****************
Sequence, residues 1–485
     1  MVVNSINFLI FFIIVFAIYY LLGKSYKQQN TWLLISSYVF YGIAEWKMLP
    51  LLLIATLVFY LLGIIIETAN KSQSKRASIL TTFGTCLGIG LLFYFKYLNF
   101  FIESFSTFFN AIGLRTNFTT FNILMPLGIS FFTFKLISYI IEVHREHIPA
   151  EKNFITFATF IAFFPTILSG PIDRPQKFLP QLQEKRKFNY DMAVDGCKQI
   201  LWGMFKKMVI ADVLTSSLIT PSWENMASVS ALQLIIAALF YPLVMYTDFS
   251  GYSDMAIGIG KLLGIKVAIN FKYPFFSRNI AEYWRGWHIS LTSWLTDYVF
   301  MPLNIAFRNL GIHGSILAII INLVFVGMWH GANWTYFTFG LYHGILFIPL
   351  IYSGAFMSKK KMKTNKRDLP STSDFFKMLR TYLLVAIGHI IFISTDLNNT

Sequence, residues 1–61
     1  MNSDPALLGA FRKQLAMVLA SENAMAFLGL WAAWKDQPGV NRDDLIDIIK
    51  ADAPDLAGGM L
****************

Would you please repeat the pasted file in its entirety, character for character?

Sequence, residues 1–485
     1  MVVNSINFLI FFIIVFAIYY LLGKSYKQQN TWLLISSYVF YGIAEWKMLP
    51  LLLIATLVFY LLGIIIETAN KSQSKRASIL TTFGTCLGIG LLFYFKYLNF
   101  FIESFSTFFN AIGLRTNFTT FNILMPLGIS FFTFKLISYI IEVHREHIPA
   151  EKNFITFATF IAFFPTILSG PIDRPQKFLP QLQEKRKFNY DMAVDGCKQI
   201  LWGMFKKMVI ADVLTSSLIT PSWENMASVS ALQLIIAALF YPLVMYTDFS
   251  GYSDMAIGIG KLLGIKVAIN FKYPFFSRNI AEYWRGWHIS LTSWLTDYVF
   301  MPLNIAFRNL GIHGSILAII INLVFVGMWH GANWTYFTFG LYHGILFIPL
   351  IYSGAFMSKK KMKTNKRDLP STSDFFKMLR TYLLVAIGHI IFISTDLNNT

Sequence, residues 1–61
     1  MNSDPALLGA FRKQLAMVLA SENAMAFLGL WAAWKDQPGV NRDDLIDIIK
    51  ADAPDLAGGM L